If you are an immigrant living in the United States, you certainly know that breaking the law can have undesirable consequences. It could even affect your continued stay in the country.
While you can’t be deported for all kinds of crimes, there is a special category of offenses that could get you in serious trouble with immigration officials. They are known as crimes of moral turpitude. Here is what you need to know about such crimes.
There is no clear-cut definition of these crimes
Crimes of moral turpitude are vaguely defined and are often open to legal interpretation. These crimes involve immoral actions that violate the basic duties owed to others. They also include an element of intention and recklessness by the perpetrator.
Crimes such as fraud, murder, kidnapping, rape, and manslaughter may all meet the threshold of crimes of moral turpitude, although that list is not exhaustive. What you may think is a minor crime can qualify to be a crime of moral turpitude, and the legal ramifications can be serious.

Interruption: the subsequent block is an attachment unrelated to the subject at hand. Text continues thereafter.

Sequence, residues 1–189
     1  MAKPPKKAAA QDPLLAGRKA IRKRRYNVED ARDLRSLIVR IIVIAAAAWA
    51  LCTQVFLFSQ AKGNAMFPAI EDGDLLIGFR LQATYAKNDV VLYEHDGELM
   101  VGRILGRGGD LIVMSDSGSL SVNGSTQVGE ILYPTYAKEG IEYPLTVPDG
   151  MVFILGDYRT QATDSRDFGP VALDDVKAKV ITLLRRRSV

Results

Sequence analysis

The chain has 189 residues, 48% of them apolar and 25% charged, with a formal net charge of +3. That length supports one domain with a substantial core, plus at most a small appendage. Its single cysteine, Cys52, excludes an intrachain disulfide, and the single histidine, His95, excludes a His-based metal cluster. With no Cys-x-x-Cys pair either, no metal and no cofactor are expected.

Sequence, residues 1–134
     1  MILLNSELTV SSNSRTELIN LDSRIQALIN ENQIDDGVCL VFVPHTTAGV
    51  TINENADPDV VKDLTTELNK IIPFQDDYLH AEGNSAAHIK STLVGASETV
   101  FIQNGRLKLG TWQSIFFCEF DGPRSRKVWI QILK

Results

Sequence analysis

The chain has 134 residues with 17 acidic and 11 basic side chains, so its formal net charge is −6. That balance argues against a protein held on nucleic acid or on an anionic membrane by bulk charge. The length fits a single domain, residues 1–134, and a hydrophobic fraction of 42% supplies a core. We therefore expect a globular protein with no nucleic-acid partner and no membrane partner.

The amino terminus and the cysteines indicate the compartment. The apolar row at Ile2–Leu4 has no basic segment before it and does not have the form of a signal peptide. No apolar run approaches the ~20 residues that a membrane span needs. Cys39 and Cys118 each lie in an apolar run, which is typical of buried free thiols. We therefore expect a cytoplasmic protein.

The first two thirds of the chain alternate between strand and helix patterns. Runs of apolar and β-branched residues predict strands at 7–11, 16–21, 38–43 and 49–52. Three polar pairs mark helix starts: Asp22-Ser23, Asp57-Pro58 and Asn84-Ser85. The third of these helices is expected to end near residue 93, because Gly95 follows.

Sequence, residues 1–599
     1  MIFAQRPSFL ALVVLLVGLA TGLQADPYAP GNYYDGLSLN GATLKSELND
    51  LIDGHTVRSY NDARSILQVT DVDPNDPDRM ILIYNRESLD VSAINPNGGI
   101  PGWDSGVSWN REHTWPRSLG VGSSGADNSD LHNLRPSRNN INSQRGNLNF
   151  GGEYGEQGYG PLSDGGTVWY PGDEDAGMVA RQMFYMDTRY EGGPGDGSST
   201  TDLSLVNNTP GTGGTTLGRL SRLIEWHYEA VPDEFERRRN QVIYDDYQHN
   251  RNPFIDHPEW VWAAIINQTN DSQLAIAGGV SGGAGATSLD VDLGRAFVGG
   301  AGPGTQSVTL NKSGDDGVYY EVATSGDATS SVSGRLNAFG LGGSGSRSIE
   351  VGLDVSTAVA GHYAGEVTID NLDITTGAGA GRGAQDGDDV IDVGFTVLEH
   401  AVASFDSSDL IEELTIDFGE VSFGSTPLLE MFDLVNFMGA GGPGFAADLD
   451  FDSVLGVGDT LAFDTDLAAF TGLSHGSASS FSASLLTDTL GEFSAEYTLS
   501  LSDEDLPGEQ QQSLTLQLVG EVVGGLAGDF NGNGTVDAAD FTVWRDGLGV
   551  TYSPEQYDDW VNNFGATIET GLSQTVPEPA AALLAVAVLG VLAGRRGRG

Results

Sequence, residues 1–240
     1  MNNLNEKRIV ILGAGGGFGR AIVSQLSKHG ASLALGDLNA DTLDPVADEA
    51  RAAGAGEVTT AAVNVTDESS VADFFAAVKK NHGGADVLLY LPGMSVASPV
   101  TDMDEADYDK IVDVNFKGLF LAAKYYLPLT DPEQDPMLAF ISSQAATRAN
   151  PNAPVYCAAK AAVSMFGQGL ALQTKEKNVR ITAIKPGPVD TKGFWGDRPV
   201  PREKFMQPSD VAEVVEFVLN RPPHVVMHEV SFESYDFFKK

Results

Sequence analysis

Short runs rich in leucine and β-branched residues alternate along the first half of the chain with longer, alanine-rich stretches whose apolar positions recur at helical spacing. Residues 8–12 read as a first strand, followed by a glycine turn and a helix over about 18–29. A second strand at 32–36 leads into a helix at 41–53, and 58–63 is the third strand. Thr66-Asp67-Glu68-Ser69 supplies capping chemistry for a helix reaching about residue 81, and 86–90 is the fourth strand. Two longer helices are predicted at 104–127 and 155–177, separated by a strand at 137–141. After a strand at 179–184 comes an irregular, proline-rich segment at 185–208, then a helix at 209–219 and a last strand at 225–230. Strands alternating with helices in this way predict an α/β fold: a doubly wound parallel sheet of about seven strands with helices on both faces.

When can you be deported for a crime of moral turpitude?
You may be deported after two or more convictions of crimes of moral turpitude that occur any time after admission to the U.S. on a visa or after adjustment of status.
You could also face deportation if you are convicted, within five years of admission to the country, of a crime of moral turpitude that carries a sentence of more than one year.
Do not take any chances with the law
If you are facing any kind of criminal charges as an immigrant, avoiding a conviction is in your best interests. You never know which side of the divide your offense falls in, given the vagueness of crimes of moral turpitude. Even when your charges seem minor, you just can’t afford to take any chances of letting your case run its course and expecting the best in the end.